Myristic acid is responsible for dissolving the protective wax covering the flea’s exoskeleton, ultimately extinguishing them through dehydration.
- What you will need: Sheet for your dog to stand on (optional), Organic Virgin Coconut oil (OVCO), and a flea comb
- Step 1: Outside or on a large protective sheet, so fleas do not just drop onto your floor, gently massage a small amount of coconut oil into your dog’s skin, being sure to cover their whole body.
- Step 2: Gently run a flea comb through your dog’s hair to remove any fleas and excess OVCO
Homemade OVCO and Essential Oil Spray
The spray works the same as the massage method, but by adding essential oils, you will be adding another layer of flea prevention.
- What you will need: A sheet for your dog to stand on (optional), dark glass spray bottle, an essential oil such as lemongrass, lavender, or peppermint, OVCO, and warm water – (You will need equal parts of water to coconut oil)
- Step 1: Put the coconut oil in the bottle
- Step 2: Add hot water – Not boiling, but at least 76F, which will melt the coconut oil
- Step 3: Add 2-3 drops of essential oil; more if you are making a large batch
- Step 4: Place your dog on the sheet
- Step 5: Spray your dog with the mixture then massage into your dog’s coat and skin
- Step 6: Use a flea comb to remove loose debris
Use in Your Dog’s Shampoo
Putting OVCO in your dog’s shampoo is a very effective way to kill and prevent fleas.
The OVCO kills both on contact as well as penetrating your dog’s skin for longer-lasting effects.
One of the studies I researched used this method and received significant results after just one hour from the time of treatment.
The most effective dilution was a combination of 80% coconut oil and 20% shampoo.
- What you will need: An empty bottle to mix the shampoo and coconut oil, melted coconut oil, favorite dog shampoo, bath towel, bathing area, and flea comb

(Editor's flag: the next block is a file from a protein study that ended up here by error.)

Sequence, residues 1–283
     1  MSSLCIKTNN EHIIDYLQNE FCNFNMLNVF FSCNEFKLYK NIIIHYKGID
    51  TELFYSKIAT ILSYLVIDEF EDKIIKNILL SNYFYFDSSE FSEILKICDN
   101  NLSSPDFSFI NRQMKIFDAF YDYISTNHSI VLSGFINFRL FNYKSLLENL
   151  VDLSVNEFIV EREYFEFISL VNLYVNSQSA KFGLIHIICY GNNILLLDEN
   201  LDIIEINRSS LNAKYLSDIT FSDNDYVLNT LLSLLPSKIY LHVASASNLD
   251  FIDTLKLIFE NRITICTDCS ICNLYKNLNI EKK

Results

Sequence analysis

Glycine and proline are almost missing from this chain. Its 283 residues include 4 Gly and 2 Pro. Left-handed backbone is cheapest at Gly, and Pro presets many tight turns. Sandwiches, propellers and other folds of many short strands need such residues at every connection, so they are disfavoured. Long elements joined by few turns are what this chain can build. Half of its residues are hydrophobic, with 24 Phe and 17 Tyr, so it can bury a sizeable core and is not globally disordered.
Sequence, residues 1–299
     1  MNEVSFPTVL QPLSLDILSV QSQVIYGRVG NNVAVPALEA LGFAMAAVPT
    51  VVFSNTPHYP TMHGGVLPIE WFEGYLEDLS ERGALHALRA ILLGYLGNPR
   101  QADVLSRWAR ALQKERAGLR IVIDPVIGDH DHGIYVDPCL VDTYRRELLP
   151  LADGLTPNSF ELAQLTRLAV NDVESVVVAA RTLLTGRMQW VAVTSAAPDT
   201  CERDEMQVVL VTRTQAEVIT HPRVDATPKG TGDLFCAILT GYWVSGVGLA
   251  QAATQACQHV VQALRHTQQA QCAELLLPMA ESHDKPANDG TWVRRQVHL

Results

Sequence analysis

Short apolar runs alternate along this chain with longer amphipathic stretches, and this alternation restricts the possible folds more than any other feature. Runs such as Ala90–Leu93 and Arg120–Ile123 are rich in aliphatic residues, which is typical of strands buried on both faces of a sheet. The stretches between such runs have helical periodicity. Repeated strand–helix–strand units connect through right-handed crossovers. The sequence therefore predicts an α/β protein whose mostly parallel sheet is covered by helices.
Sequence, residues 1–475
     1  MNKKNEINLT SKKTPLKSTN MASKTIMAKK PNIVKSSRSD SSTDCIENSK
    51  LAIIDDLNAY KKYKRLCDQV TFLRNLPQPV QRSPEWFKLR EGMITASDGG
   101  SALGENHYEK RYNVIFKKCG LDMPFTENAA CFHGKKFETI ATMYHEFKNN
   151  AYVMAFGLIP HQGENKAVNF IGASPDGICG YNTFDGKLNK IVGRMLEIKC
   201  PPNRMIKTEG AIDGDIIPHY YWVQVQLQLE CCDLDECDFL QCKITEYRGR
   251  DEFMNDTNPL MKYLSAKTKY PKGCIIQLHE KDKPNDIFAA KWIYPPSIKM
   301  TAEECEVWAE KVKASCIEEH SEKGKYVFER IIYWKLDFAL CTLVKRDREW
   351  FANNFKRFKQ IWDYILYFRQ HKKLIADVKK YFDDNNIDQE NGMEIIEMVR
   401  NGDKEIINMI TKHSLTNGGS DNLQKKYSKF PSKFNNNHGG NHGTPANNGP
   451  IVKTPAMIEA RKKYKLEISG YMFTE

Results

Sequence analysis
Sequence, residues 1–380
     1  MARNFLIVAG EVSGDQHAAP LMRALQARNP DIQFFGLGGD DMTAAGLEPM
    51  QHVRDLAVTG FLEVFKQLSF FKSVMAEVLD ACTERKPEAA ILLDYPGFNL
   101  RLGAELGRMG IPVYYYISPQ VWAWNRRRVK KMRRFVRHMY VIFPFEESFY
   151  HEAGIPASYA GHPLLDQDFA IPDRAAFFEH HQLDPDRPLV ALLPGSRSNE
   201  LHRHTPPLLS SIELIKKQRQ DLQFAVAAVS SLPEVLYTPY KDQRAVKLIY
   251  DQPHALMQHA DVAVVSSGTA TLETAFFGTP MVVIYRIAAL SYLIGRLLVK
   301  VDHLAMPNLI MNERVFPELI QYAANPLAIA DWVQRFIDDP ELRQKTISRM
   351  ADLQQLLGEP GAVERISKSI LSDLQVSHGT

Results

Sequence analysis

- Step 1: Melt the coconut oil and add to the bottle (This can be done in the bottle as well, by running the bottle under warm water)
- Step 2: Add shampoo
- Step 3: Mix thoroughly – If the coconut oil begins to solidify, run the sealed container under warm water to melt it
- Step 4: Bathe your dog as you normally would, but allow the shampoo to sit for 15 minutes; yes, I know it’s a long time, but it’s worth it.
- Step 5: Rinse and towel off your dog
- Step 6: Use a flea comb to remove loose debris
Feed it to Your Dog
Feeding your dog coconut oil will help kill and protect against future flea infestations.
According to Dr. Judy Morgan DVM, the suggested amount is 1 tsp per 20 pounds of body weight, twice daily.
It is best to cut the dose in half to start with, then work your way up to the full treatment.
Too much too soon can cause diarrhea.
- What you will need: OVCO and a spoon!
- Step 1: Offer your dog a spoonful of OVCO. If they refuse to eat it plain, you can always melt it and mix it into their food. My dogs love it!
Because I am not a fan of “wait and see if my dogs have fleas”, I used the massage method as well as making up an essential oil spray to get rid of fleas on their beds.
So far, so good, plus the coconut oil has helped to moisturize both their skin and coat.